So you can read my books

Friday, September 10, 2010


{"Men of broader intellect know
that there is no sharp distinction
betwixt the real and the unreal."

- H. P. Lovecraft.}

Ah, you say. The ghost of H. P. Lovecraft.
Now, he will tell us if what he wrote was true.

Short-sighted mortals. I dare not say. I can not say.

I will but put forth this : my imagination was too stunted,

my words too feeble to paint what lies beyond.

Sometimes I believe that this less material life is our truer life,

and that our vain presence on this terraqueous globe is itself

the secondary or merely virtual phenomenon.

Then, what brings me to Roland's blog?

I was wandering Thalarion, the City of a Thousand Wonders,
where many have passed but none returned,

where walk only daemons and mad things that are no longer men,

and the streets are white with the unburied bones of those
who have looked upon the eidolon Lathi, that reigns over the city.

Abruptly, the ghosts of Clemens, Chandler, Rogers, and Bogart (all heavily armed) made their cautious way to me.

And well they should have been careful, for I am no longer altogether ... human.

I watched them from the shadows with some amusement. They stepped warily around shards of marble that thrust up from the misty ground.

The shards gave the illusion of ancient bones of some grotesque corpse protruding from an ill-made grave.

The ruins projected a diseased aura as if the very stones were cursed.

Clemens approached me. "You can roll around in your horrors like they were catnip for all I care, Lovecraft. But you owe Roland."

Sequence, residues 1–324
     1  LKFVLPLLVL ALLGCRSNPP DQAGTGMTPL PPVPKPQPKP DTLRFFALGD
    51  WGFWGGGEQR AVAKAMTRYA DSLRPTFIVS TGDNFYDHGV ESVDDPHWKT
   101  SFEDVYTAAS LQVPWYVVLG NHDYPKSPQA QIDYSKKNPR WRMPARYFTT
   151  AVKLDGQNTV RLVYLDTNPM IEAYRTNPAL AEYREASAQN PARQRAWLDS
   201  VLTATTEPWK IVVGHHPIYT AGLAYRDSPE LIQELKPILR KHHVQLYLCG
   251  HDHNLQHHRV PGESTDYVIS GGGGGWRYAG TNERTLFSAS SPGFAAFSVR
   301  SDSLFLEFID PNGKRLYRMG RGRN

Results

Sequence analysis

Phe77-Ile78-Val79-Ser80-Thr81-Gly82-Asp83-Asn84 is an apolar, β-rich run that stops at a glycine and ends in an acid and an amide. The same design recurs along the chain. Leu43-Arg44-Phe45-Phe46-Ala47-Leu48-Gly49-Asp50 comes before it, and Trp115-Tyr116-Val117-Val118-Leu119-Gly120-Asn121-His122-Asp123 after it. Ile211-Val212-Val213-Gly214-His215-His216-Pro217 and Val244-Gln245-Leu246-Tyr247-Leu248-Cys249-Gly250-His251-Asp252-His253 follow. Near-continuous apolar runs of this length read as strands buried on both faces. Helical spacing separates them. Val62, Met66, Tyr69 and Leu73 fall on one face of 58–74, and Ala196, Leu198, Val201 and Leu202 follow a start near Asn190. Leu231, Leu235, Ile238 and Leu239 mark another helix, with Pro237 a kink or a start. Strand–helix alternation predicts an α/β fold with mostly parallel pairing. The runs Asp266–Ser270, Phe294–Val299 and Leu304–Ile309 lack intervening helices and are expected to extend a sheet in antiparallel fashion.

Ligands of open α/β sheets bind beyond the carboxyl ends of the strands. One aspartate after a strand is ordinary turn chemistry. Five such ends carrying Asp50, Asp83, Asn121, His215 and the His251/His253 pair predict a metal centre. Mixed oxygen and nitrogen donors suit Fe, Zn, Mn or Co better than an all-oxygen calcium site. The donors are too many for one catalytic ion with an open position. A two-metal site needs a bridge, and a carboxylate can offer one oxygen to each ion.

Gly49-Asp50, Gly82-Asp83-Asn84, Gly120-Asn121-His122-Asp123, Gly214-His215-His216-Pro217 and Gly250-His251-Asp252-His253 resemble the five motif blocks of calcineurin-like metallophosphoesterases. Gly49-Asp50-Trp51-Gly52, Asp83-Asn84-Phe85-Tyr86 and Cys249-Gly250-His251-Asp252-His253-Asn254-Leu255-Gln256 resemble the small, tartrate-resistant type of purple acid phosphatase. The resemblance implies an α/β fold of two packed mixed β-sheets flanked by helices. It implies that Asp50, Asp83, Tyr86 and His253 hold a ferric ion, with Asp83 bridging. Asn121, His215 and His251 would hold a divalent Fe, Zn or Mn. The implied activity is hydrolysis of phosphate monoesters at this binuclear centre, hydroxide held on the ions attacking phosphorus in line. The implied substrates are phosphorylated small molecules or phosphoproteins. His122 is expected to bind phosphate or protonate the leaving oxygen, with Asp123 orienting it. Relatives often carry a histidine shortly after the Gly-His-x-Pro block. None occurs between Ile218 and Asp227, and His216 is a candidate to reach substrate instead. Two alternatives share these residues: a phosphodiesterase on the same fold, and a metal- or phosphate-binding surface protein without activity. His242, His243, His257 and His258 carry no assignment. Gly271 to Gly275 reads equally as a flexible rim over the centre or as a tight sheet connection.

"Indeed I do. What would you suggest?"

"Write a piece for his ... computer newspaper."

"How quaint. On what exactly, Clemens?"

"Why the blue blazes you chose to write what you did."

"It chose me, Clemens."

"Then, write that. And try to remember what it meant to be human while you're doing it."

I fought down the gibbering darkness. "You are lucky I owe DreamSinger, ghost."
So I am here. Why did I come? I came because of my lost childhood :

There are not many persons who know what wonders are opened to them in the stories and visions of their youth;

For when as children we learn and dream, we think but half-formed thoughts,

and when as men we try to remember, we are dulled and prosaic with the poison of life.

But some of us awake in the night

with strange phantasms of enchanted hills and gardens,

of fountains that sing in the sun, of golden cliffs overhanging murmuring seas,

of plains that stretch down to sleeping cities of bronze and stone,

and of shadowy companies of heroes that ride caparisoned white horses along the edges of thick forests;

and then we know that we have looked back through the ivory gates

into that world of wonder which was ours before we were wise and unhappy.

Enough of me. I ask : Did your genre pick you?

I know mine did.

My reason for writing stories

is to give myself the satisfaction of visualising more clearly the

fragmentary impressions of wonder which are conveyed to me by certain
ideas and images encountered in art and literature.

I choose weird stories because they suit my inclination best -

one of my strongest and most persistent wishes being to achieve the
illusion of some strange suspension or violation of the galling limitations

of time, space, and natural law which forever
imprison us

and frustrate our curiosity about the infinite cosmic spaces